In a step forward for LGBTQ rights, Japan’s top court has ruled that forcing people to be sterilized to change gender is unconstitutional.
Currently, Japan requires people to have their reproductive organs removed before they can legally change their gender.
They must also meet several other conditions.
People must be diagnosed with gender dysphoria by two doctors, undergo transition surgery, be older than 18, not married and not have any children under 18.
The requirements have been widely criticized by human rights and medical groups.
On Wednesday Oct. 25, Japan’s supreme court unanimously ruled that the sterilization requirement violates the country’s constitution.
The verdict comes after a trans woman brought forward a case when she was unable to change her gender from the biologically assigned male to female in her family registry.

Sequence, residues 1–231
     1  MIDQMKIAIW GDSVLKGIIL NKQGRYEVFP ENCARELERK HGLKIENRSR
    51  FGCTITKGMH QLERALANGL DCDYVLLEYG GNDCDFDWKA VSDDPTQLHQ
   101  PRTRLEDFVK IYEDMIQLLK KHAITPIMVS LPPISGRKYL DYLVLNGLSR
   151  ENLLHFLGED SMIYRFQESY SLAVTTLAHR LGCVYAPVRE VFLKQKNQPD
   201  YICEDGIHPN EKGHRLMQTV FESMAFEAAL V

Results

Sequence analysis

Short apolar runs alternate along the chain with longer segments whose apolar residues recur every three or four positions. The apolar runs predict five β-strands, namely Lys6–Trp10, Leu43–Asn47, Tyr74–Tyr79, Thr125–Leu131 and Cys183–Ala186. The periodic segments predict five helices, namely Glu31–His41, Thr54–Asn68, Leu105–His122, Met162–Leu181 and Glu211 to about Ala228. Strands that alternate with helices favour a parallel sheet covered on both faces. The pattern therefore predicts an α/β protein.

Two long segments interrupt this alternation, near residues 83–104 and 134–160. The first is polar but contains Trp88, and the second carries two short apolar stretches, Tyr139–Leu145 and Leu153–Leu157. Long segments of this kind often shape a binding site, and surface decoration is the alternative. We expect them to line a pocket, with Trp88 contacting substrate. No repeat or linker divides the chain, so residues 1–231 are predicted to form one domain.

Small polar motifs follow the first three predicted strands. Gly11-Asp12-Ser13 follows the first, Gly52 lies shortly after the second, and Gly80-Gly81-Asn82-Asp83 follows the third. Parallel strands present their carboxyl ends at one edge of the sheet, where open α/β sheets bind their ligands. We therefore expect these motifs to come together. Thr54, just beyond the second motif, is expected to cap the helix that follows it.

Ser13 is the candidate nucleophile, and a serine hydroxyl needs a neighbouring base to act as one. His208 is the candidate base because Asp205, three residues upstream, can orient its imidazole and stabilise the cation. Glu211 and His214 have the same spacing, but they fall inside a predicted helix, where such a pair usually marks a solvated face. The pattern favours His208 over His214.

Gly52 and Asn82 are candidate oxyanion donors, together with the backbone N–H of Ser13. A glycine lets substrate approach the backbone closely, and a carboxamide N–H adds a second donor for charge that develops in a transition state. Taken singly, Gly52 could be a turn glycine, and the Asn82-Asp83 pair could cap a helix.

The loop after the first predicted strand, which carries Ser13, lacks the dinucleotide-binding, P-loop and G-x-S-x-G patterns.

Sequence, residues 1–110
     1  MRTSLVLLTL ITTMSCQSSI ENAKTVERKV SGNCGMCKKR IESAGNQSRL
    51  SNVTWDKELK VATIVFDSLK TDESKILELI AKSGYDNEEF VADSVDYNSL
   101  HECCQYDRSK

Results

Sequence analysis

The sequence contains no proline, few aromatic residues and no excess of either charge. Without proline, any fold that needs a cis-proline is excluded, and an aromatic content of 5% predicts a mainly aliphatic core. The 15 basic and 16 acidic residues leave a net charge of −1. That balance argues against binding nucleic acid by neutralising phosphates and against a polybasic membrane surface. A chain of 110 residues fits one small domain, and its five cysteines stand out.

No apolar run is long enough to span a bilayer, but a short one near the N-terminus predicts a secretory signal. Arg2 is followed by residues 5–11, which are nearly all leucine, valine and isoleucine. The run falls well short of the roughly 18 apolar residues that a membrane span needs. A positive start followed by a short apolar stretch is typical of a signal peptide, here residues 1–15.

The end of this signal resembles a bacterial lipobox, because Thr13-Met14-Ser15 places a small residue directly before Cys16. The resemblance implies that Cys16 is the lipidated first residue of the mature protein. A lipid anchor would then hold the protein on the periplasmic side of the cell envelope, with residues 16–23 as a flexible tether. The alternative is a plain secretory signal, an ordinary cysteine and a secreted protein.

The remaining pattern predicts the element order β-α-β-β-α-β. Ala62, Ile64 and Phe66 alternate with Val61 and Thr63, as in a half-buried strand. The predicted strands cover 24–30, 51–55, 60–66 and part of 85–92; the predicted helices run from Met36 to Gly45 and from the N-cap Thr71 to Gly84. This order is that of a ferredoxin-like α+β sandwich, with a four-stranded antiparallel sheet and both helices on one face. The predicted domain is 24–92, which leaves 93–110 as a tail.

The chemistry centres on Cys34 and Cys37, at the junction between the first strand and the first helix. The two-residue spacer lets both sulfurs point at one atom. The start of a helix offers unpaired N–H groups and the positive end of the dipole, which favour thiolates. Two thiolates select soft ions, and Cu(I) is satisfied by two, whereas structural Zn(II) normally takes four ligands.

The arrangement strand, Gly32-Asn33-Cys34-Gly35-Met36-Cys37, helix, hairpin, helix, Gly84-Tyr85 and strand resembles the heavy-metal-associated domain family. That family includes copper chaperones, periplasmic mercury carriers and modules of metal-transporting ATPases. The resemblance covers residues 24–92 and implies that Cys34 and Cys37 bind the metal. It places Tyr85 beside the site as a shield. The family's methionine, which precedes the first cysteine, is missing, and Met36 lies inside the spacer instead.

The court ruled that the requirement “restricted her freedom not to harm herself against her will.”
The government must now follow up and amend the law, according to Human Rights Watch.
However, the court did not rule on the requirement for transition surgery, instead sending it back to a lower court for further consideration.